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I Replied To A Spammer -


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11 replies to this topic

#1 lister

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Posted 09 March 2012 - 10:58 AM

What I mean is that someone filled in my email capture form.

Out of curiosity I googled the email and it comes up as being a well know spam bot email address. However, I had already replied to the spam email thinking it was a real customer.

My question is, what would likely happen next? Would the bot then add my email (that I replied from) as being a "real email" and then I get heaps of spam?

Or will I get blacklisted for having communicated with this spammer?

Just curious thanks

#2 Jill

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Posted 09 March 2012 - 11:16 AM

Most likely you'll be thrown in jail and tortured because replying to spam is a worldwide offense.

#3 lister

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Posted 09 March 2012 - 11:21 AM

QUOTE(Jill @ Mar 9 2012, 05:16 PM) View Post
Most likely you'll be thrown in jail and tortured because replying to spam is a worldwide offense.


*packing suitcase* OK! No time to say goodbye am rushing out the door!

Seriously though, I was thinking more (out of curiosity) how the spam bot operates - I guess that they join capture forms to get replies from real email and real people that they then add to their "good email list"

Am I on the right track here?

My fault though - my form doesn't have a captcha....need to add that.....


#4 lister

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Posted 09 March 2012 - 11:22 AM

PS Ive been a member here for 6 years - i just noticed!!

Congrat for the consistent great forum.

#5 piskie

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Posted 09 March 2012 - 11:53 AM

Replying to Spam gets you on the confirmed list.
That list of about a million or so confirmed addresses sells for a higher price.
However the upside is that the quality of the Spam that you get inundated with will be a far higher quality.
Probably more convincing and tempting as well.

#6 torka

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Posted 09 March 2012 - 01:45 PM

Well, there ya go -- from now on you'll only get "premium" spam. smile.gif

--Torka mf_prop.gif

#7 lister

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Posted 09 March 2012 - 01:48 PM

QUOTE(torka @ Mar 9 2012, 07:45 PM) View Post
Well, there ya go -- from now on you'll only get "premium" spam. smile.gif

--Torka mf_prop.gif


It'll be kinda obvious though what premium spam i get now b/c i just now opened that email account so the next spam that makes it through will be from that particular lovely person.

I wonder if spam will ever be stopped?


#8 chrishirst

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Posted 09 March 2012 - 03:42 PM

I don't see any spam anymore, with a combination of no catchall email, SpamAssassin on the server, K9 on my machine and Outlook filters catching anything they miss it never sees light of day.

#9 piskie

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Posted 09 March 2012 - 03:49 PM

Very impressive armoury Chris.
How much innocent mail do you estimate gets killed by friendly fire ??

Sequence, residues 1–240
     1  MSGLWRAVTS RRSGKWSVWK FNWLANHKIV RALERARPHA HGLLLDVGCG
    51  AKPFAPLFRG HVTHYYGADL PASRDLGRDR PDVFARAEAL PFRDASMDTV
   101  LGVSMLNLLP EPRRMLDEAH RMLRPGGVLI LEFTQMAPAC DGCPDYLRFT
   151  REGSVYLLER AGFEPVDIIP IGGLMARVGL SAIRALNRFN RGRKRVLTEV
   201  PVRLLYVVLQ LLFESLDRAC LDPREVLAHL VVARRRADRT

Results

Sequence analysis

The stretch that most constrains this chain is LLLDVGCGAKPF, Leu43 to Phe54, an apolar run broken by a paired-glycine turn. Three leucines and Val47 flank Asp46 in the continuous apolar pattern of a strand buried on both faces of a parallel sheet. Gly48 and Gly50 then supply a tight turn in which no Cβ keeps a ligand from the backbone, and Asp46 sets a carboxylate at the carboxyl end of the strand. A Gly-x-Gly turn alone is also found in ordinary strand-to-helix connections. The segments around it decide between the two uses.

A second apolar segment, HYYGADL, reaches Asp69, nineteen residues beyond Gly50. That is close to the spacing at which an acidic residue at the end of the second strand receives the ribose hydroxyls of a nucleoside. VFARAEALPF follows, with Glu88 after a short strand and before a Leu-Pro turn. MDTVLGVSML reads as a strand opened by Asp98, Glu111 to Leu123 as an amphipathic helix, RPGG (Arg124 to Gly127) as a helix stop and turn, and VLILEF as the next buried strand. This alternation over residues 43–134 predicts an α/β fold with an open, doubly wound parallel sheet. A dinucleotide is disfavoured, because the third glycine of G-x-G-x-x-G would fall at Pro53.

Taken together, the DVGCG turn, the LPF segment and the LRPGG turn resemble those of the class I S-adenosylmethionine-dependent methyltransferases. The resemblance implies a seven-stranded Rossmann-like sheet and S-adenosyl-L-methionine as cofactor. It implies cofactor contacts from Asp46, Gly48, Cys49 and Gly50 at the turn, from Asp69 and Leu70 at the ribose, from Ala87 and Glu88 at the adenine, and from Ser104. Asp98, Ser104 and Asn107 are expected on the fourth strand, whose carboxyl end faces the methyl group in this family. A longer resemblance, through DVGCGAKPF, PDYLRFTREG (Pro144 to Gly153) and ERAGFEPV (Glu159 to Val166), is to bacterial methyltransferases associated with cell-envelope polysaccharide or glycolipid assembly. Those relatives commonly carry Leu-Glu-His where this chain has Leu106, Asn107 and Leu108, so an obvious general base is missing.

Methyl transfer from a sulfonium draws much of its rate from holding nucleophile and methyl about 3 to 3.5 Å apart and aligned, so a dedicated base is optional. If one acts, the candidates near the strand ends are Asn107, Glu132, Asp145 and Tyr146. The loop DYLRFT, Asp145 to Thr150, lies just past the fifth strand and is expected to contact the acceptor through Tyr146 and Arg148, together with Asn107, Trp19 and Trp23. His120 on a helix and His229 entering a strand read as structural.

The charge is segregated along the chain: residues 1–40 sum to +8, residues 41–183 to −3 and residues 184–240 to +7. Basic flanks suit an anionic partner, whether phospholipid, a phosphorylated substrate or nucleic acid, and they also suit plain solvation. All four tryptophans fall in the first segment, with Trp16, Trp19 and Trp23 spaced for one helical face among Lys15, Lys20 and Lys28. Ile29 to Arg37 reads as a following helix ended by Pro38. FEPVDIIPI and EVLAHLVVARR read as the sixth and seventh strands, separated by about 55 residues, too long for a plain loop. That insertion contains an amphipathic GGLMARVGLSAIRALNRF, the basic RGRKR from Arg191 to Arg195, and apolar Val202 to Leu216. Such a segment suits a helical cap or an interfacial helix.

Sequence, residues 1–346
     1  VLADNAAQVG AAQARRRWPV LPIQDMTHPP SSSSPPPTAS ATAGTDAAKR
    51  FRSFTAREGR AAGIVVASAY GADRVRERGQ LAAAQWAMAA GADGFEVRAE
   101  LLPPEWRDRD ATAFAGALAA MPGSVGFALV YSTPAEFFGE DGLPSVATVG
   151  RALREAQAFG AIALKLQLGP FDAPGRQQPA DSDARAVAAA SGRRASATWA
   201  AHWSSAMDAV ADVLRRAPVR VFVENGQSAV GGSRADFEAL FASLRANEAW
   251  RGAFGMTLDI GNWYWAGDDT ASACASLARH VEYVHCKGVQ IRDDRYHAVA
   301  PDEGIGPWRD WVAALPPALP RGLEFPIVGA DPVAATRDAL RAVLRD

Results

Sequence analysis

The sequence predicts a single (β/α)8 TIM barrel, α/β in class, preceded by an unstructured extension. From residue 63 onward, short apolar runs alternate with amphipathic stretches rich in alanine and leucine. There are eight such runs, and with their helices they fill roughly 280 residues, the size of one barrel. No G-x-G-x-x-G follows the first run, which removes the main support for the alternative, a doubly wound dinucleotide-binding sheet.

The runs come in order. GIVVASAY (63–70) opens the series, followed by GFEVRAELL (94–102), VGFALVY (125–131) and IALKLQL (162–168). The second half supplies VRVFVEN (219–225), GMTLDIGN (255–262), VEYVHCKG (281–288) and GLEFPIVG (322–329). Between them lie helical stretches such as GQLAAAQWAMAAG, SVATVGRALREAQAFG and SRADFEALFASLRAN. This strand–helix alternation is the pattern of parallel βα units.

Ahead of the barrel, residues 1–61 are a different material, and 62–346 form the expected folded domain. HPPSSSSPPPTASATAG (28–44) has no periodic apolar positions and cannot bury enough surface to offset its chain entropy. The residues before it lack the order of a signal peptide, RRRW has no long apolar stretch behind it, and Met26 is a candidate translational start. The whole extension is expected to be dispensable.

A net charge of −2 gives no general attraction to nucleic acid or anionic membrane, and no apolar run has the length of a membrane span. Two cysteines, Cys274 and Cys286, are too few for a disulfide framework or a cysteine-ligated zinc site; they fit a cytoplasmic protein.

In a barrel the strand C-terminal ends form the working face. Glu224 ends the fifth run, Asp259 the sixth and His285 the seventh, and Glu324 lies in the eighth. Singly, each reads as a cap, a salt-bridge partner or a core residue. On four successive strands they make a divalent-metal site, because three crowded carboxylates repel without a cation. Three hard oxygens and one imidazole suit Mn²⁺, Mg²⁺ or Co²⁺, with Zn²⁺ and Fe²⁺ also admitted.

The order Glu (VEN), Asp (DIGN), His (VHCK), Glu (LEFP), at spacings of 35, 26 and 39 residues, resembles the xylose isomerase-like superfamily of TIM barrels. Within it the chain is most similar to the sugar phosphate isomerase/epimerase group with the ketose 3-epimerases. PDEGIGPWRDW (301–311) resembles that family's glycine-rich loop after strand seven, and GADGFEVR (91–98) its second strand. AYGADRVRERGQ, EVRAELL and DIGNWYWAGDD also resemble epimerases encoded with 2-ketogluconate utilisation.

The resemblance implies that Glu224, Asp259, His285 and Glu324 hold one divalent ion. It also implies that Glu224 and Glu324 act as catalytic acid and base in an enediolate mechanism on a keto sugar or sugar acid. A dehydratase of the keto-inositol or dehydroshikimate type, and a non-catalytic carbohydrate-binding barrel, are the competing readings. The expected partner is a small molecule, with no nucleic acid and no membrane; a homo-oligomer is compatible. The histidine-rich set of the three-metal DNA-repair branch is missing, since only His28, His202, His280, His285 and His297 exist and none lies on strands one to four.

#10 lister

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Posted 09 March 2012 - 04:23 PM

QUOTE(chrishirst @ Mar 9 2012, 09:42 PM) View Post
I don't see any spam anymore, with a combination of no catchall email, SpamAssassin on the server, K9 on my machine and Outlook filters catching anything they miss it never sees light of day.


Jeeeez. Fort Knox.

PS Surely some innocent mail must get caught up no?

Like what if someone was contacting you for a genuine opportunity? I guess they can pick up the phone or snail mail but I like to keep my email (mostly) open so that if someone does want to get me for legit reasons - they can.


#11 chrishirst

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Posted 10 March 2012 - 09:16 AM

The messages flagged as junk/spam are put into holding/quarantine folders which I will go through once a month or so and 'whitelist' any false positives. This also gives me a "ham/spam" collection to use for training SpamAssassin's Bayesian filters on the servers which helps reduce the spam that the hosting clients get.

I collect mail from several whois listed addresses and 'support@' addresses, so at one time I was getting around two thousand messages a day of which ~90% were junk, now it's down to ~500 a day with only 2% to 3% that are 'phishing' or other junk.

Draconian measures they maybe, but for me, it works.

#12 chrishirst

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Posted 10 March 2012 - 09:33 AM

QUOTE
Like what if someone was contacting you for a genuine opportunity?


I've yet to see one that came in from a random email biggrin.gif

For all the forums, "social sites" etc. I am a member of, I have forwarders/aliases for a specific email ID relevant to each website that go to a mail box that has a name that is unlikely to be guessed at, and each alias is whitelisted through the filters. So I know where a message originated and whether it may be something useful or worth pursuing.

Should one get compromised in some way I can change the compromised email at the site and delete the forwarder so the spam goes nowhere.

I have been "online" almost before there was anywhere to be online to, going back to the days of Compuserve and UUnet with newsgroups and text only bulletin boards, so I am no stranger to unwanted junk messages and how to deal with them biggrin.gif




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